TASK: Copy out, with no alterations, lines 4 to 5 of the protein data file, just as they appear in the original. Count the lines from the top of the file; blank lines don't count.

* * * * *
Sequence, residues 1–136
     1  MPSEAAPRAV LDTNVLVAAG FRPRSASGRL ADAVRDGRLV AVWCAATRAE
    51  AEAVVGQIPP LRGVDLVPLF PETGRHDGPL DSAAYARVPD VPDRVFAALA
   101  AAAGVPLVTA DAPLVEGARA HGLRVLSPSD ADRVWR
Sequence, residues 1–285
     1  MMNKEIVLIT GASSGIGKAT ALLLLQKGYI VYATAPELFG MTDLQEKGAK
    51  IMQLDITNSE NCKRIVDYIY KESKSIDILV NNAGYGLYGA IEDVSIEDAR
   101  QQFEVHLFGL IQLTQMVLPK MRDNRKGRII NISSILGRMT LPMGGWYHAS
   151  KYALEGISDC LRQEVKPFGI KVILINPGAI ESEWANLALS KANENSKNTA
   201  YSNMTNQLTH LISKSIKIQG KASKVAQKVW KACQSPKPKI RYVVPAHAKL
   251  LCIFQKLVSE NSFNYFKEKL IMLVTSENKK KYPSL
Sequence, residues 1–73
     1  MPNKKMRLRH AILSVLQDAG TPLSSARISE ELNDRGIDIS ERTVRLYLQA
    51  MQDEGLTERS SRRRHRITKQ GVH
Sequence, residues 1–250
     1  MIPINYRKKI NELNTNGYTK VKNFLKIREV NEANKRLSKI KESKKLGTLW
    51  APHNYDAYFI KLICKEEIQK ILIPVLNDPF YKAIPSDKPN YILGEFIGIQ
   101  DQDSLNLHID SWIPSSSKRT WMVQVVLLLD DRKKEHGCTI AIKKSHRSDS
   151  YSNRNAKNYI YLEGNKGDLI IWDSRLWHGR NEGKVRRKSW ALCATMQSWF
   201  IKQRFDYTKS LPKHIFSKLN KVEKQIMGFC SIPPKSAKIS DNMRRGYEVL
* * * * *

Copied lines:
   101  AAAGVPLVTA DAPLVEGARA HGLRVLSPSD ADRVWR
Sequence, residues 1–285